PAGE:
"Description": "Check freon pressure"
            }
        ]
    }
]

Loading Test Data

Provisioning test data for entity sets is optional.

When you create a database table, test data is automatically loaded from the web application archive (WAR file) and inserted into the database, as long as the TEST_MODE constant in the generated TestSettings.java file is true. By default, the value of the TEST_MODE constant is false, so you'll need to change it to true to enable the test data to load automatically. You'll want to do this only for development, test packaging, or deployment, and you should set the constant back to false before production packaging and deployment (as compared to initial data, which will be automatically loaded even in production deployments).

In the generated Maven project (in source code), the resource subfolder for test data is src/main/resources/test-data. For a compiled Java servlet-based application, the resource subfolder for test data is WEB-INF/classes/test-data.

Each test data file uses the name EntitySetName.json. For example, create the test data for a ServiceOrderSet entity in the subfolder of src/main/resources/test-data and call the file ServiceOrderSet.json. Once the project is compiled and is packaged into a Java EE WAR file using Maven, that file is located as WEB-INF/classes/test-data/ServiceOrderSet.json within the WAR file.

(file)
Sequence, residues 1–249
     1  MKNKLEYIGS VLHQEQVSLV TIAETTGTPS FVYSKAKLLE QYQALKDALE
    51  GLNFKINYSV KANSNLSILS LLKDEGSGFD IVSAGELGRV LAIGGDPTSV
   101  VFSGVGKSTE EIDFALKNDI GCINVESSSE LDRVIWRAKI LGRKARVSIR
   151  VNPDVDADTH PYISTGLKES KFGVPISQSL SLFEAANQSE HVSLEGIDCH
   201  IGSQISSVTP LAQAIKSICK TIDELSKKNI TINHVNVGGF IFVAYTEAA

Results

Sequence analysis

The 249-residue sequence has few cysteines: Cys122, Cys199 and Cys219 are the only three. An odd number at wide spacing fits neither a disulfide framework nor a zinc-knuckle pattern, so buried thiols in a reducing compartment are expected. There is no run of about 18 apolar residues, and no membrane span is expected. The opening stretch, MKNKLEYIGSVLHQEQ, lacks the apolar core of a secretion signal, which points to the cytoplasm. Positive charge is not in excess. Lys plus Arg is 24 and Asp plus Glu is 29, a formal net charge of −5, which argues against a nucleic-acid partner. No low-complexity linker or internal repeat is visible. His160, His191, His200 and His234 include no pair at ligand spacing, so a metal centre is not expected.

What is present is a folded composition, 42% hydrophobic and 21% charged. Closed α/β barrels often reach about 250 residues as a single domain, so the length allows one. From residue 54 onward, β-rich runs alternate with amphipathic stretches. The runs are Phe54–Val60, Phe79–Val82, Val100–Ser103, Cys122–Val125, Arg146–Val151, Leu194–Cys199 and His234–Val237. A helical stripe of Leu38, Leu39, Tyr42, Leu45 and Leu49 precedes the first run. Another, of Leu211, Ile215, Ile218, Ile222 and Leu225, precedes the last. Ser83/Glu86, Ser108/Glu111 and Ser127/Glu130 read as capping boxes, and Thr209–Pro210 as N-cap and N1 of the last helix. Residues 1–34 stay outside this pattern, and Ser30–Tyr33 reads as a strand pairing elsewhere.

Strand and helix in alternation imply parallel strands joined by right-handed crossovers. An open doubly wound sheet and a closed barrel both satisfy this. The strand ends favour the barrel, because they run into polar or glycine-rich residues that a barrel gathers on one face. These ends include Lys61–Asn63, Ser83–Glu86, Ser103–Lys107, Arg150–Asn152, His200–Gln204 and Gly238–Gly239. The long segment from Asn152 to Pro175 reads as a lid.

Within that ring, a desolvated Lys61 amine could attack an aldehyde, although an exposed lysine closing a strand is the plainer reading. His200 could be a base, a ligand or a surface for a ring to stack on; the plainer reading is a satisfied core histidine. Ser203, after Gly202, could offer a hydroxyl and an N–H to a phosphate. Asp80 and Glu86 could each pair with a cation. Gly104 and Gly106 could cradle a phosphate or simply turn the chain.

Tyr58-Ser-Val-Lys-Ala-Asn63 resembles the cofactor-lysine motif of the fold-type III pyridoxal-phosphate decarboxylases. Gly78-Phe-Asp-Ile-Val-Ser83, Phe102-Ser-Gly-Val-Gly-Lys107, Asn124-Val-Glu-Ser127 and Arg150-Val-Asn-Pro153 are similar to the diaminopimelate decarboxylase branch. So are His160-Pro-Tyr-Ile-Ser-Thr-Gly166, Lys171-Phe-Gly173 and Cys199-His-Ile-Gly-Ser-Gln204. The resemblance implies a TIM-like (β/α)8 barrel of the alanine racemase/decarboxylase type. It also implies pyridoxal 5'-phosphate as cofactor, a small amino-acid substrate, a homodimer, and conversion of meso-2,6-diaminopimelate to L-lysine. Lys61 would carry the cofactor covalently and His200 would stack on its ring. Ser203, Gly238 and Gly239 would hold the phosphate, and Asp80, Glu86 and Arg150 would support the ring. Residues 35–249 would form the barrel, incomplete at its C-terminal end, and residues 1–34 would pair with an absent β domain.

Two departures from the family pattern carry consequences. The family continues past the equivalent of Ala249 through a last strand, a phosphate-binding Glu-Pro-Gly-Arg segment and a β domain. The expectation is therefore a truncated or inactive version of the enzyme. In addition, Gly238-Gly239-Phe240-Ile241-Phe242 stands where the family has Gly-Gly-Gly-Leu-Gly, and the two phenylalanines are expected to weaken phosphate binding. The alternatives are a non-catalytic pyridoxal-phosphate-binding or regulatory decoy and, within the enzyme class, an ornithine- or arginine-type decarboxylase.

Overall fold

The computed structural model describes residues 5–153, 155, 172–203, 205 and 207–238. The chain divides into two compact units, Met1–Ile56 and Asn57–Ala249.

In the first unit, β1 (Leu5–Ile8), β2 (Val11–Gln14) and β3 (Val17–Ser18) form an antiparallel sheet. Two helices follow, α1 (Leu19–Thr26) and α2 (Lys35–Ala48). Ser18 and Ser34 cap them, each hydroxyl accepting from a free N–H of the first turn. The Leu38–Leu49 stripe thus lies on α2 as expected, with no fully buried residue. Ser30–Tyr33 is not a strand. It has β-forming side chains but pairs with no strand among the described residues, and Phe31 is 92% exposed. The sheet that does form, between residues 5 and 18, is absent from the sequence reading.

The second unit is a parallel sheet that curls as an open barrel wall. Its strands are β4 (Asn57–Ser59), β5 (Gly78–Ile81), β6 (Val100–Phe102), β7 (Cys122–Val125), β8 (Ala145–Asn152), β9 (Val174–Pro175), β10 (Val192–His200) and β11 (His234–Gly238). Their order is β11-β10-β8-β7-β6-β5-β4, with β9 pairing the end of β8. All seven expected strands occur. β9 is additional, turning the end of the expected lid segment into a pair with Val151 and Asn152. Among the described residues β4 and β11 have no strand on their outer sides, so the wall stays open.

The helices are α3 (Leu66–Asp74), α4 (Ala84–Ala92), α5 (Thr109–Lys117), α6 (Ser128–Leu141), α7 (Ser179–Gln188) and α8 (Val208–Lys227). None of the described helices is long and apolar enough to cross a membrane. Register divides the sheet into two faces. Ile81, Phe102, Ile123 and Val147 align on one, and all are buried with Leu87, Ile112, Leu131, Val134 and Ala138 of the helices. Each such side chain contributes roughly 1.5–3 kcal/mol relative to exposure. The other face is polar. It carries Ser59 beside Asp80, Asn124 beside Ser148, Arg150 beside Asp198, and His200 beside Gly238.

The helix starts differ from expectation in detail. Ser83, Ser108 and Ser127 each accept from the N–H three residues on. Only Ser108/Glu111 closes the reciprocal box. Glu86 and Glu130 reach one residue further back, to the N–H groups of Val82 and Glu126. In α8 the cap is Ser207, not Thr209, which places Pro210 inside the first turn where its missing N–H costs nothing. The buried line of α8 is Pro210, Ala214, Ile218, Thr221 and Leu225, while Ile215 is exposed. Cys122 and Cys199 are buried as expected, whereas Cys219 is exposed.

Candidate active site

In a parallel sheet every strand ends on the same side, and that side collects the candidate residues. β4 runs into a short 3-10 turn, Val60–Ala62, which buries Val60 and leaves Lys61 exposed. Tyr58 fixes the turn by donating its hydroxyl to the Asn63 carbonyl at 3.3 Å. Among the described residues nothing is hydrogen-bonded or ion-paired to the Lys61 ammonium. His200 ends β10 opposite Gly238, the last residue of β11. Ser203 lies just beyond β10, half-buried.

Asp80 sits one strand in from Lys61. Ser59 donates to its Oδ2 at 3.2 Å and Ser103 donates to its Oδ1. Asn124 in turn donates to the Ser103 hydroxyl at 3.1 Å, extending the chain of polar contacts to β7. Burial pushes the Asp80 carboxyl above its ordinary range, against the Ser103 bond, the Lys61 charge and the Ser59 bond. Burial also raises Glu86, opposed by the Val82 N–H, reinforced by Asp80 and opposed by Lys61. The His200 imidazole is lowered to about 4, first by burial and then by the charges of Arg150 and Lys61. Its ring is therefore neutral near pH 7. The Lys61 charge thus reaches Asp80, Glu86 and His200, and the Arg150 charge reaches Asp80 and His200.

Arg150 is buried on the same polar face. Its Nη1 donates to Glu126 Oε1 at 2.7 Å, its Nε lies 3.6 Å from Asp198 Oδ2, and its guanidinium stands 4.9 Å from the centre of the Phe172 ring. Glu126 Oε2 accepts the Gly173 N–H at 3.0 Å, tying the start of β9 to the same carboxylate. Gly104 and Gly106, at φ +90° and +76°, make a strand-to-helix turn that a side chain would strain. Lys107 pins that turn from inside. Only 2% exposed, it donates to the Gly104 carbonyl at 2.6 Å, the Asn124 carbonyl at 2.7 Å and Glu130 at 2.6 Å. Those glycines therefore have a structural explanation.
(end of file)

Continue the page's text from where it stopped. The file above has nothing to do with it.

Example:

[
    {
        "ServiceOrderID" : 1,
        "Description": "Heat pump malfunction error code 415",
        "Priority": "High",
        "WorkCenter": "6575"
    },
    {
        "ServiceOrderID" : 2,
        "Description": "Furnace noisy",
        "Priority": "Medium",
        "WorkCenter": "6767"
    },
    {
        "ServiceOrderID" : 3,
        "Description": "Clean the ducts",
        "Priority": "Medium",
        "WorkCenter": "6767"
    }
]

Note

  • Key values in initial data are usually not reflected in the target database; they serve only to indicate relationships between entities in separate JSON files.
  • Test data is only inserted into the database if it is available in the WAR file when the server application is first started. Subsequently adding test data to your project and redeploying your OData service (without a version number change) will result in the test data not being inserted into the database.
  • Nesting entities in test data files works similarly to what is described in Nesting Child Entities for initial data files.

Last update: August 12, 2020